When I run nohup some_command &, the output goes to nohup.out; man nohup says to look at info nohup which in turn says:

If standard output is a terminal, the command's standard output is appended to the file 'nohup.out'; if that cannot be written to, it is appended to the file '$HOME/nohup.out'; and if that cannot be written to, the command is not run.

But if I already have one command using nohup with output going to /nohup.out and I want to run another, nohup command, can I redirect the output to nohup2.out?

  • do you know if the answers suggested also redirect the errors to the given location? Mar 5, 2021 at 14:15
  • I've personally found more useful to do nohup python script.py > my_output.out & Mar 5, 2021 at 14:33

6 Answers 6

nohup some_command &> nohup2.out &

and voila.

Older syntax for Bash version < 4:

nohup some_command > nohup2.out 2>&1 &
  • 5
    @ismail, if I understand, this directs the output away from stdout and nohup.out, into nohup2.out. Then what does 2>&1& do? Dec 28, 2010 at 21:25
  • 13
    2>&1 redirects stderr to the same output file as stdout which is in this case nohup2.out
    – ismail
    Dec 28, 2010 at 21:28
  • 20
    In Bash 4, the two redirects can be abbreviated as one &> nohup2.out.
    – ephemient
    Dec 28, 2010 at 21:41
  • 1
    I tried &> nohup2.out and it works, but how can you tell your bash version?
    – monkut
    Aug 8, 2012 at 7:44
  • 1
    @monkut Just typing help in bash also works. Or help | grep version. Easier to remember to me.
    – Godsmith
    May 14, 2014 at 14:01

For some reason, the above answer did not work for me; I did not return to the command prompt after running it as I expected with the trailing &. Instead, I simply tried with

nohup some_command > nohup2.out&

and it works just as I want it to. Leaving this here in case someone else is in the same situation. Running Bash 4.3.8 for reference.

  • does this also re-direct stderr? I want to direct everything, whether it is an error or output to a single source. Mar 5, 2021 at 14:14

Above methods will remove your output file data whenever you run above nohup command.

To Append output in user defined file you can use >> in nohup command.

nohup your_command >> filename.out &

This command will append all output in your file without removing old data.

  • 2
    does this also re-direct stderr? I want to direct everything, whether it is an error or output to a single source. Mar 5, 2021 at 14:15

As the file handlers points to i-nodes (which are stored independently from file names) on Linux/Unix systems You can rename the default nohup.out to any other filename any time after starting nohup something&. So also one could do the following:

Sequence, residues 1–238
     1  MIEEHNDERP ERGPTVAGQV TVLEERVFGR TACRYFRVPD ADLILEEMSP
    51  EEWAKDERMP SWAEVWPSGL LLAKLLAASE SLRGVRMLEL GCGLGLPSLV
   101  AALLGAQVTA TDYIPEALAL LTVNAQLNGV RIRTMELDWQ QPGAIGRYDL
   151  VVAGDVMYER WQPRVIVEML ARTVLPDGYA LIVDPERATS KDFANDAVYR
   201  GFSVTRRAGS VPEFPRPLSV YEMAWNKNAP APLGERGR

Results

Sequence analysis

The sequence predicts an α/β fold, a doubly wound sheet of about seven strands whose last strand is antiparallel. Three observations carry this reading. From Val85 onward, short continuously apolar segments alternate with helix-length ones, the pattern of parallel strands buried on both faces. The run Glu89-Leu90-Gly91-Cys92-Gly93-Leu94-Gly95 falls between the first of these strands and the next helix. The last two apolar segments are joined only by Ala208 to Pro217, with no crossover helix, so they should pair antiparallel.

$ nohup something&
$ mv nohup.out nohup2.out
$ nohup something2&

Now something adds lines to nohup2.out and something2 to nohup.out.


my start.sh file:


nohup forever -c php artisan your:command >>storage/logs/yourcommand.log 2>&1 &

There is one important thing only. FIRST COMMAND MUST BE "nohup", second command must be "forever" and "-c" parameter is forever's param, "2>&1 &" area is for "nohup". After running this line then you can logout from your terminal, relogin and run "forever restartall" voilaa... You can restart and you can be sure that if script halts then forever will restart it.

I <3 forever

  • does this also re-direct stderr? I want to direct everything, whether it is an error or output to a single source. Mar 5, 2021 at 14:14

To send the output of a nohup command to a custom file name, you can use the redirection operator > to specify the file name. Here's how you can do it:

  1. Open your terminal or command prompt.

  2. Run the nohup command followed by the command you want to execute, and redirect the output to the desired file name using the > operator. For example:

   nohup your-command > custom-file-name.log &

Replace your-command with the actual command you want to execute in the background, and custom-file-name.log with the desired file name for the output log.

  1. Press Enter to execute the command. The output of the command will be redirected to the specified file name.

  2. You can now close the terminal or command prompt without stopping the execution of the command. The output will continue to be written to the specified file.

Note: If you want to append the output to an existing file instead of creating a new one, you can use >> instead of > in the redirection operator.

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